Virtual instantaneity of Internet came at a price. One of those was Chinatown. In the days before Internet, we would ride the commuter train to Manhattan. There was Gyro II, the only greasy spoon joint in town serving genuine Greek gyros, shish kabobs and homemade potato chips they called the Greek Fries. I love Gyros (pronounced Gheeros'), and they'd also sell me a giant can of beer along with the Everything On It platter that I ordered up. After that it was a leisurely walk Downtown to Chinatown Canal Street. Nowadays, after all the globalization, these shops sell all the cheap merchandize from China you can buy everywhere else, back in the 1980's there were no throngs of tourists, and you can get really original stuff in their shops. Things like butterfly knives and throwing knives, books on survivalism and martial arts, they had the best army surplus store, AND they had a D&D shop! It was on Mott Street above a Chinese bakery, and they had a lot less merchandise than the 'Strategist, but what they had in Chinatown, 'Strategist did not carry. They were the first ones to carry 3D plastic pieces to do a layout of your dungeon on your game table, like what you saw in the ET the movie, but they had it practically the same tome as the movie came out. You bought the stuff and then you sat in the bakery below and drank in the cheap and plentiful hot tea with those heavenly custard buns with the sweet topping (Chinese call Pineapple (for the appearance, not the flavor)) and those egg custard tarts. And nearby was a large arcade, where one of the videogames was a glassed in cage with a live chicken, that played tic-tac-toe with you. It was either 50 cents or 4 quarters, and if you beat the chicken, you got a free game. I beat the chicken only once in a while, and never twice in a row.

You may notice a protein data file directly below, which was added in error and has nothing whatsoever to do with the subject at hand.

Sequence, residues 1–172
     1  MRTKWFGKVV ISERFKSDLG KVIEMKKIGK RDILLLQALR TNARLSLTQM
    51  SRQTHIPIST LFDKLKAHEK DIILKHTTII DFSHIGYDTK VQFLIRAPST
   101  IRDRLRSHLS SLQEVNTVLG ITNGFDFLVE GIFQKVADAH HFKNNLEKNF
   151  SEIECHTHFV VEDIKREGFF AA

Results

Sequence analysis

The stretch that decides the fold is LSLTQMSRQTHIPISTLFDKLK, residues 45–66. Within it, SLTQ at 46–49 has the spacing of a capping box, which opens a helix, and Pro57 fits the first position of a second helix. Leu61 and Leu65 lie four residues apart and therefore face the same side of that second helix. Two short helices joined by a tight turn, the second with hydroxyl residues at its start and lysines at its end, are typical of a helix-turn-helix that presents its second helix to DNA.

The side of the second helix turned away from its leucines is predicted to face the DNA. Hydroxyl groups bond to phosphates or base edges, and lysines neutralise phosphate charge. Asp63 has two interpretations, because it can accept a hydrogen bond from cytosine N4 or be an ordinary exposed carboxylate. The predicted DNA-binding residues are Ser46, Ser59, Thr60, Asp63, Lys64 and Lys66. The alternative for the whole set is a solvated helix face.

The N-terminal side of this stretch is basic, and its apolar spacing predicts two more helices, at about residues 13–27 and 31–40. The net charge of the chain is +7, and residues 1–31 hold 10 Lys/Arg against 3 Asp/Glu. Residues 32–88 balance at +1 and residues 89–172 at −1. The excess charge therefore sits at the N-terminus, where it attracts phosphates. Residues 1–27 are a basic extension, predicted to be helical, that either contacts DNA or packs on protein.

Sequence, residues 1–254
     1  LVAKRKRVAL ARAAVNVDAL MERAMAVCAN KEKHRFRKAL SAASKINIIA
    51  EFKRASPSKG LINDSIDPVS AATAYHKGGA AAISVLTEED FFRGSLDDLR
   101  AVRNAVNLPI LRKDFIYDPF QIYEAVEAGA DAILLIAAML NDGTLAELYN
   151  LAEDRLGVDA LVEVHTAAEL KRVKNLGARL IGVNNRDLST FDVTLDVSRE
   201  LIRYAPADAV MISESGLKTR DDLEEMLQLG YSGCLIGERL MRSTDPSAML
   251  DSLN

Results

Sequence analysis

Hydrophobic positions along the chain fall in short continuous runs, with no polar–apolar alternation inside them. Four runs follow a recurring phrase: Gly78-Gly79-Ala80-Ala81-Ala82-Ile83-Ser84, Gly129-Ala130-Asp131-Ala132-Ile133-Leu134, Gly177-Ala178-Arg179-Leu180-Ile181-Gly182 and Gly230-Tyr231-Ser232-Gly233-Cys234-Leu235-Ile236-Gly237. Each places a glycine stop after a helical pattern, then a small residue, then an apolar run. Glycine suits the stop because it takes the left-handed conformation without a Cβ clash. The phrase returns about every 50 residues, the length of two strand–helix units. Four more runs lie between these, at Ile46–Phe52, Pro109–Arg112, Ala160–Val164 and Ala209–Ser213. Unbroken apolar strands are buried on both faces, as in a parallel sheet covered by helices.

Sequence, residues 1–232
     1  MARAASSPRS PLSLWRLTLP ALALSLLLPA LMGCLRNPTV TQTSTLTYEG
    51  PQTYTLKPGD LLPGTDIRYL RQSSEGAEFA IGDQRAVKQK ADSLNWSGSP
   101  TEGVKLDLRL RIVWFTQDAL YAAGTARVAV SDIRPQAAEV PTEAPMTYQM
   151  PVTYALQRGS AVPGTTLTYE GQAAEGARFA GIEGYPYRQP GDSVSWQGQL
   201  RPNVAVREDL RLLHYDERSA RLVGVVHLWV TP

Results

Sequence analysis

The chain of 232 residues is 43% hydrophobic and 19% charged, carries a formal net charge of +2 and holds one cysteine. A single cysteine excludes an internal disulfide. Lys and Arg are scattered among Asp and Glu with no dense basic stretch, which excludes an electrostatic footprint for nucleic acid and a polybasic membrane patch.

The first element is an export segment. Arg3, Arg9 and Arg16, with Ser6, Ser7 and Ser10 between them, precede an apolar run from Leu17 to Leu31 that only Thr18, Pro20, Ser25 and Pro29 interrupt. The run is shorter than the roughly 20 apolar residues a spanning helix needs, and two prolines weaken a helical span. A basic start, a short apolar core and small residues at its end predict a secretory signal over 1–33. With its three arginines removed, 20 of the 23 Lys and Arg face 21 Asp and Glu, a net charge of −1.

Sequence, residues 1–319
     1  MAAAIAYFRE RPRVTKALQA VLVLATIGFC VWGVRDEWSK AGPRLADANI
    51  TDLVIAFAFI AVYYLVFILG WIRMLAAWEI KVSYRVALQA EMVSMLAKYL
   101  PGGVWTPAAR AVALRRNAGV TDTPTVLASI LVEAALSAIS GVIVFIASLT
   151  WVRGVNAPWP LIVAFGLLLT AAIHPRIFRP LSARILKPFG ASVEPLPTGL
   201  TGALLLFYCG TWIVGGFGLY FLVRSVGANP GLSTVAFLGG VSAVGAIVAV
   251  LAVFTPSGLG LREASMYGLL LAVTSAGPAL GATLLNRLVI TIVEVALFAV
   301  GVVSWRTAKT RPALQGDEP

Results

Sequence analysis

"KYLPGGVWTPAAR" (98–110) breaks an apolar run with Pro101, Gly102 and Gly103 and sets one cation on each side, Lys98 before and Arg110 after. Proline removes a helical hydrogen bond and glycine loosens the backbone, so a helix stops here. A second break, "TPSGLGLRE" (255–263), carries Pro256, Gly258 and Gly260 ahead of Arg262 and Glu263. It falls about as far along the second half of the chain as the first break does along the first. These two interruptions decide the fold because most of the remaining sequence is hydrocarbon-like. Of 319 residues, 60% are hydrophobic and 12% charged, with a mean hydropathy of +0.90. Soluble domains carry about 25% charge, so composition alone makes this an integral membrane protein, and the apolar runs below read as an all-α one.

The Internet made the world a lot less mysterious and at the same time a lot less real. I think that I am glad I didn't have it growing up and my parents banned TV in my household.

Ripper X said...

I had a friend who passed away a few years ago who spent the 60's living in the French Quarter of New Orleans. I could listen to him talk all day long!

I often think about the early days of the web, before it became such a sterile environment, back when it still belonged to the people. . . . well, different people. The Internet had a culture as well, back before every home had a PC. Those damned WEBTV people went and ruined everything! Maybe that is why I relate to old westerns so much; they are about men who tamed the west and ended up making a world where they themselves did not belong. Perhaps many people feel that way?